The title of the upcoming History Channel Star Wars special “Star Wars – The Legacy Revealed” is a bit misleading . . .

The title immediately makes one believe that it will be about how the Star Wars movies changed both contemporary popular culture and Hollywood itself. How the books, CDs, TV cartoons and the original films imprinted themselves upon impressionable ten-year-olds back in 1977 and how the summer blockbuster became a fact of the movie industry.

The Special’s slogan is however more accurate: “Star Wars: why it endures, why we need it . . . and why it’s still much fun.” Yup, Star Wars – the Legacy is more hagiography than objective reporting.

Here are some sample quotes:

Star Wars resonates out of the best of our classics: Beowulf . . . Homer . . . the Bible.” - Journalist Dan Rather

Or how's this for hyperbole:

“The legacy of George Lucas fits very comfortably among the classics of all time, whether ancient or modern . . . the genius [who took] a story told over and over again in history, in the Bible, in fairy tales, now in outer space.”
- Democratic House Speaker Nancy Pelosi

I mean, come on! Have they even seen The Phantom Menace?

At least directors Kevin Smith and Peter Jackson even though they too get a bit carried away at least seem to realize that we're after all just talking about movies:

“It is bad guys versus good guys and everyone wants to see that story. That story will never grow tired, never grow old.”
- Filmmaker Kevin Smith

“You don't even have to ask, 'Will it stand the test of time?' It has and it will.”
- Lord of the Rings director Peter Jackson

“Relax, they're just movies!” one wants to tell these excitable interviewees. . .

If you want commentators arguing both for and against the “Holy Trilogy” as Kevin Smith so memorably dubbed Star Wars, Empire Strikes Back and Return of the Jedi then you’d be better off checking out the recent Star Wars on Trial book edited by famed Star Wars basher and Postman author David Brin.

"'Relax, they're just movies!' one wants to tell the excitable interviewees in this History Channel documentary . . ."

Or make that “Holy Decalogue” or whatever just what does one call as series of six flicks or books in any case? Star Wars: The Legacy also throws the so-called “prequels” namely Phantom Menace, Attack of the Clones and Revenge of the Sith into the mix, even though the emphasis is more on the original films than the later prequels. There are no bookends with Liam Neeson's character in Phantom Menace, but there is one on Han Solo.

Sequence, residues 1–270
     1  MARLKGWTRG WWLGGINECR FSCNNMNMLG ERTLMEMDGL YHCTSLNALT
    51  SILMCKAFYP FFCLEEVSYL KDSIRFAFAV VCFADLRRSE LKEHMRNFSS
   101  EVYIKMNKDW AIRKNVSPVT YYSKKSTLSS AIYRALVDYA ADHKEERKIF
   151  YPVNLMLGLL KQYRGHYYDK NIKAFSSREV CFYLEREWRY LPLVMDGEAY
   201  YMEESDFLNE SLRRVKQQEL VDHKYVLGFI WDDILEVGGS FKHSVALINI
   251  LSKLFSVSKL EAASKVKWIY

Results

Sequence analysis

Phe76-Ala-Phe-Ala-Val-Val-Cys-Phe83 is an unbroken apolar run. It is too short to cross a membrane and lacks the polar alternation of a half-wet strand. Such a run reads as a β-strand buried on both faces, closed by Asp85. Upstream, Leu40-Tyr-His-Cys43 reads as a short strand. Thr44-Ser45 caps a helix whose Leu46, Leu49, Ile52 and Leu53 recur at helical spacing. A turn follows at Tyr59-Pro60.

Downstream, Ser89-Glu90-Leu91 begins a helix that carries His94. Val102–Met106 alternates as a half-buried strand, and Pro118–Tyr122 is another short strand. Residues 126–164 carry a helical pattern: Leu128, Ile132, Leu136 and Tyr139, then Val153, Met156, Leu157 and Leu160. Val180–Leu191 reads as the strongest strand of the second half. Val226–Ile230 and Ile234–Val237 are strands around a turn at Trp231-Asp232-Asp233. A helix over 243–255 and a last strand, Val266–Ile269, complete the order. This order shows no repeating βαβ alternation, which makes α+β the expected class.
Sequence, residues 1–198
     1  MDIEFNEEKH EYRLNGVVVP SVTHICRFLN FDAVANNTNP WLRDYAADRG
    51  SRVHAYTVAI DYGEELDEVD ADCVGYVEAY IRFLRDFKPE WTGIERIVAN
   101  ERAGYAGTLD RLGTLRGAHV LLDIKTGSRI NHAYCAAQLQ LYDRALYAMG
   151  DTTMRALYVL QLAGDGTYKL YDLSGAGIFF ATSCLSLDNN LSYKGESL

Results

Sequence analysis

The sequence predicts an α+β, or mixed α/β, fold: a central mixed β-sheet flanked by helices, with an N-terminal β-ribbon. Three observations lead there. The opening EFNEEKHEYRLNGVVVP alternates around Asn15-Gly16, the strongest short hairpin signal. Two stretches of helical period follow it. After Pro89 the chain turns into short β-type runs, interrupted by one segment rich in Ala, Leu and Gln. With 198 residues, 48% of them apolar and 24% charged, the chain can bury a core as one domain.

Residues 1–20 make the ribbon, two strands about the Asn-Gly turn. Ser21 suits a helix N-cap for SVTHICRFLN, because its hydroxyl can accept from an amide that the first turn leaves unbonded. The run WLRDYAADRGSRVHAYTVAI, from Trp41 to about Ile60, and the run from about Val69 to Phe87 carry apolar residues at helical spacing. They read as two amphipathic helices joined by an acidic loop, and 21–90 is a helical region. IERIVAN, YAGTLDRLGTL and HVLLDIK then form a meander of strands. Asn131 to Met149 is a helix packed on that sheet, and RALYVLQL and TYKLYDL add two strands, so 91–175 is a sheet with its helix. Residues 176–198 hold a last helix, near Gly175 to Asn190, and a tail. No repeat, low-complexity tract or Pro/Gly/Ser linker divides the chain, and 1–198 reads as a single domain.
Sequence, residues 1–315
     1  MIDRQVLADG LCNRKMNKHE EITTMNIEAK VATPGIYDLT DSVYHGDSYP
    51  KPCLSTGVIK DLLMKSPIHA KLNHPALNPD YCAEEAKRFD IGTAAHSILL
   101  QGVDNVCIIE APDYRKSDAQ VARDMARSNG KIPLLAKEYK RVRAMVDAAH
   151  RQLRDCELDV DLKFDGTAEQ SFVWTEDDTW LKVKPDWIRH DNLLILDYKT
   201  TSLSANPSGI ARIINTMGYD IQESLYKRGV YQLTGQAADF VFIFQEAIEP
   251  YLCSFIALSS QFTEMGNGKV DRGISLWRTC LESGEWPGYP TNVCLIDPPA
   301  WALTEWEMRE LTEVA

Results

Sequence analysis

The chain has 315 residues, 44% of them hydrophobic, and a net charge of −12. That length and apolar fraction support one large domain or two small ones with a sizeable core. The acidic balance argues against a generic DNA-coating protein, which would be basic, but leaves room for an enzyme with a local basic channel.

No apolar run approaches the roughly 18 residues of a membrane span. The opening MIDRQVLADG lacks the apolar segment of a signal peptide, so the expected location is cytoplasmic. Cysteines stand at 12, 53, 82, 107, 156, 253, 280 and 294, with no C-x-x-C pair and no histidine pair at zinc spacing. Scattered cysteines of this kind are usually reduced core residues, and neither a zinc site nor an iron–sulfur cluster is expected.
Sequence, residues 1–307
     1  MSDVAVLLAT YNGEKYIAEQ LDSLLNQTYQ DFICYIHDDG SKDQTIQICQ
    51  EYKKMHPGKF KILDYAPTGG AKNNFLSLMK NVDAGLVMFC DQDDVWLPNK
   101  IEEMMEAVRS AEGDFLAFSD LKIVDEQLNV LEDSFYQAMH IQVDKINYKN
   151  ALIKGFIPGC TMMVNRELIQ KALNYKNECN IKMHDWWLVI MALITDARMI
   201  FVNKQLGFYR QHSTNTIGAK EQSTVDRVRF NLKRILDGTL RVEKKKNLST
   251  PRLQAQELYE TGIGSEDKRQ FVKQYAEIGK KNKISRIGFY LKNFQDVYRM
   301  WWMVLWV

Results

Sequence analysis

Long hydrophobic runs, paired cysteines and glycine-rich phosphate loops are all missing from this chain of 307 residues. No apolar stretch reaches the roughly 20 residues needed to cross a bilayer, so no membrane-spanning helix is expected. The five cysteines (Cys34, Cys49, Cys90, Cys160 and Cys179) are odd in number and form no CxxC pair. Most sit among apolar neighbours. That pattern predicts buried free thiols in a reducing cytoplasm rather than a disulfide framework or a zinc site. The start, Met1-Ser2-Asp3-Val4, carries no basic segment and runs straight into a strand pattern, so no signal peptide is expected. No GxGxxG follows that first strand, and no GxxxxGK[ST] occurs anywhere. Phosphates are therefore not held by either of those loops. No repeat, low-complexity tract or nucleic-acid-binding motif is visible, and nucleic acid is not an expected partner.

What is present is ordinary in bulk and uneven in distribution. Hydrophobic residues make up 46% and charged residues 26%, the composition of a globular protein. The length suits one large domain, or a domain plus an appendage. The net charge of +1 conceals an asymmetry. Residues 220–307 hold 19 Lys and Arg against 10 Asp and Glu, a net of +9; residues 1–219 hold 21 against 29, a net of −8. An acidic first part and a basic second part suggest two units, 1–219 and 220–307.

The Special spends a lot of time on how the Star Wars movies draw heavily on ancient myths and even 20th century events such as the rise of Hitler and so forth. It however skirts controversial issues such as commentators pointing out that dialogue from Revenge of the Sith actually echoes recent events in American politics such as George W. Bush infamously declaring that if “you are not with us, you are with the terrorists.”

To show that it is completely unbiased the documentary throws in interviewees as diverse as current Democratic House speaker Nancy Pelosi and former Republican House Speaker Newt Gingrich.

Gingrich of course prefers to compare the Empire to the Soviets, even though Lucas recently admitted in interviews that he got the idea of a David battling it out versus Goliath scenario from the Vietcong taking on the powerful U.S. military. Watching Star Wars – The Legacy one of course often wonders how many of the comparisons with ancient mythology both Christian and pagan George Lucas actually consciously intended.

After all, the first Star Wars movie started life as a substitute for Flash Gordon Lucas wanted to do a full-length big screen Flash Gordon movie but he couldn’t secure the rights. So instead he stole the plot of Kurosawa’s samurai flick The Hidden Fortress outright and threw all kinds of diverse visual cues into the final mix. Anything from Marvel’s Dr. Doom villain and Snow White to bar room showdowns in Westerns got nicked in the process . . .

Next: "Star Wars – The Legacy hints at Lucas’ 'homages' (or is it just plain plagiarism?)"




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